bind-address =
# * Fine Tuning
key_buffer = 16M
max_allowed_packet = 16M
thread_stack = 192K
thread_cache_size = 8
# This replaces the startup script and checks MyISAM tables if needed
# the first time they are touched
myisam-recover = BACKUP
#max_connections = 100
#table_cache = 64
#thread_concurrency = 10
# * Query Cache Configuration
query_cache_limit = 1M
query_cache_size = 16M
# * Logging and Replication
# Both location gets rotated by the cronjob.
# Be aware that this log type is a performance killer.
# As of 5.1 you can enable the log at runtime!
#general_log_file = /var/log/mysql/mysql.log
#general_log = 1
# Error log – should be very few entries.
log_error = /var/log/mysql/error.log
# Here you can see queries with especially long duration
#log_slow_queries = /var/log/mysql/mysql-slow.log
#long_query_time = 2
# The following can be used as easy to replay backup logs or for replication.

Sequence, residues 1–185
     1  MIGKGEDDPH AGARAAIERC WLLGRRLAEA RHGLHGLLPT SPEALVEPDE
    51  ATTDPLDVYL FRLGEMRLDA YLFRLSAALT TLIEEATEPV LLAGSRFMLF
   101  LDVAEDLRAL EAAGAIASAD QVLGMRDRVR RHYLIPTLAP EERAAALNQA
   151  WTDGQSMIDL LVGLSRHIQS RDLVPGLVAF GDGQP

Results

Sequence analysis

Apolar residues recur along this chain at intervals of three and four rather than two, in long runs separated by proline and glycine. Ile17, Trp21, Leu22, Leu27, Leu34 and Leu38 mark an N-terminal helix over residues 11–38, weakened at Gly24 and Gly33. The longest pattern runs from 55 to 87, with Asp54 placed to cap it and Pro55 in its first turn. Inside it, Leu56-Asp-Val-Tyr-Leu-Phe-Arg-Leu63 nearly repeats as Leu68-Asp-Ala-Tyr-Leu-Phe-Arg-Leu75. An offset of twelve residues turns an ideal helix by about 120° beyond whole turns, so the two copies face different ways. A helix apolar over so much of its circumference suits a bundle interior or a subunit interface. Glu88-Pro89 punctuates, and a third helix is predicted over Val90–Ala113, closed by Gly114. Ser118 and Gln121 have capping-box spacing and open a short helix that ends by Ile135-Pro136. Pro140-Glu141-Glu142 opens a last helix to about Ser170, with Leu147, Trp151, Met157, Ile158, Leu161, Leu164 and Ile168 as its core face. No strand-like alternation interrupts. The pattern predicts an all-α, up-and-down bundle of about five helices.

# note: if you are setting up a replication slave, see README.Debian about
# other settings you may need to change.
#server-id = 1
#log_bin = /var/log/mysql/mysql-bin.log
expire_logs_days = 10
max_binlog_size = 100M
#binlog_do_db = include_database_name
#binlog_ignore_db = include_database_name
# * InnoDB
# InnoDB is enabled by default with a 10MB datafile in /var/lib/mysql/.
# Read the manual for more InnoDB related options. There are many!
# * Security Features
# Read the manual, too, if you want chroot!
# chroot = /var/lib/mysql/
# For generating SSL certificates I recommend the OpenSSL GUI “tinyca”.
# ssl-ca=/etc/mysql/cacert.pem
# ssl-cert=/etc/mysql/server-cert.pem
# ssl-key=/etc/mysql/server-key.pem
max_allowed_packet = 16M
#no-auto-rehash # faster start of mysql but no tab completition
key_buffer = 16M
# * IMPORTANT: Additional settings that can override those from this file!
# The files must end with ‘.cnf’, otherwise they’ll be ignored.
!includedir /etc/mysql/conf.d/

Last modified: 1 Oct, 2015https://www.littlebizzy.com/?p=3360